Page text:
The glum reality of mid-winter

How wintertime can affect morale on a college campus

Hanna Bubser, Columnist

The mood of Hamline’s campus during the winter is strikingly different compared to the rest of the year.

The sidewalks are slick with ice and crowded with students shuffling along to class, while simultaneously shielding their faces from the wind, which is relentless regardless of what the actual temperature is outside. With J-term over for the year, the focus has gone from one class, one abroad trip or one month off into a full semester. Students must shift their mindset and dive headfirst into the second half of the school year, which can be quite overwhelming.

With this in mind, it’s no wonder that winter is one of the toughest seasons of the year. Coming off of the holiday season, the world feels a lot less jolly. For the most part, temperatures are frigid and the sky gloomy. Occasionally, we get a teasing glimpse of spring. A day of Vitamin D can do wonders to morale, but it makes the next drop in temperature all the more difficult when you are forced to trade in your vest for a winter coat once again.

Not to mention all the New Year’s resolutions that float around half heartedly. At the beginning of January, they seem like a great idea, but by the time February rolls around there is less and less motivation followed by busier and busier schedules. Suddenly, the resolution doesn’t seem so sparkly anymore and the promise of the New Year goes from a new beginning to just another spot on the calendar.

Needless to say, it can be difficult to be a student during the dead of winter. With all the complexities that a new semester has riding on our shoulders, how is our motivation affected? How do we change as members of a college community? What happens to our grades?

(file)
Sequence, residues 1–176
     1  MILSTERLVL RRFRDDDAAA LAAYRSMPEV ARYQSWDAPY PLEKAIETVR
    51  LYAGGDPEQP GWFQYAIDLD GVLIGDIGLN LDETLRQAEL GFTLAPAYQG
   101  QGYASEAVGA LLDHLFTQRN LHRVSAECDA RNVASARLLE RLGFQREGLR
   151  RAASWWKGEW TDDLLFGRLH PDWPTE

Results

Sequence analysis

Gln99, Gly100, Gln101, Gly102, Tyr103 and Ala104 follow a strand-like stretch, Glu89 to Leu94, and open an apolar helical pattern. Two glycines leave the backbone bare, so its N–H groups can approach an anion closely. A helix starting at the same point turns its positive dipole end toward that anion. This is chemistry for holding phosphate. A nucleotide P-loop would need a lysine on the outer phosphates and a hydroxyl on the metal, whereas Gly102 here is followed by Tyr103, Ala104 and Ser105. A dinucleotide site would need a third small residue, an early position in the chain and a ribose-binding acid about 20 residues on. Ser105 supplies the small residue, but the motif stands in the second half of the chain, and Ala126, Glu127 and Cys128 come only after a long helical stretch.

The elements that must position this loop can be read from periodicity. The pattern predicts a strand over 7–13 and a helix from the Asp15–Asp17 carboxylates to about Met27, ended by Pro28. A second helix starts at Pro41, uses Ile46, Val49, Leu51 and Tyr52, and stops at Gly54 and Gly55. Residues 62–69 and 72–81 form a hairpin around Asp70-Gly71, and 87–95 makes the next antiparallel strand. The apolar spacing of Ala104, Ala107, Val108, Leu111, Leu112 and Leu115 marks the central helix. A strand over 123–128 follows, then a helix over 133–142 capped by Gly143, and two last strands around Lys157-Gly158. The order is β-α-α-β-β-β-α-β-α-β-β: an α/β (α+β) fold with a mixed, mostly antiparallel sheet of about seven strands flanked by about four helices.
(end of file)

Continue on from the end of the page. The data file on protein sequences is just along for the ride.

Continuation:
It’s no secret that the colder months can wreak havoc on an individual’s attitude, as well as their overall outlook. Seasonal Affective Disorder (SAD) is a prime example of how legitimate this feeling really is. The Mayo Clinic describes SAD as a type of depression that gets worse and worse as the winter months approach and eventually arrive. The Seasonal Affective Disorder Association’s website lists some of the cardinal symptoms of SAD as fatigue, decreased cognitive function, anxiety, overeating and sleep problems.

I know many people who suffer from this. The majority of them find the winter months to be the hardest, but it is also possible to experience SAD during the spring and summer. Either way, it can make living and going to school in a place like Minnesota unbearable.

Even for those who don’t suffer from SAD or something similar to it, concentration on school work during the winter is hard for students, and people have taken notice.

I’ve heard of some educators proposing more classroom opportunities in the warm summer months and schools setting out to offer more resources for students battling seasonal depression. In all actuality, there is no surefire answer to solve all of the problems that winter can bring to education. For now, as we get comfortable with second semester, here are a few things worth considering:

1.)   Evaluate your current state, as well as what’s to come. How are you handling your course load this semester? What opportunities could these courses bring?

2.) Is there anything you need to change in order to help you be more successful?

3.)   Surround yourself with positivity and things that bring you joy.

4.)   Take care of yourself. If you feel as though you need some additional help, the counseling services here at Hamline are a wonderful resource. Their number is 651-523-2204 and they are located in Manor Hall. More information available at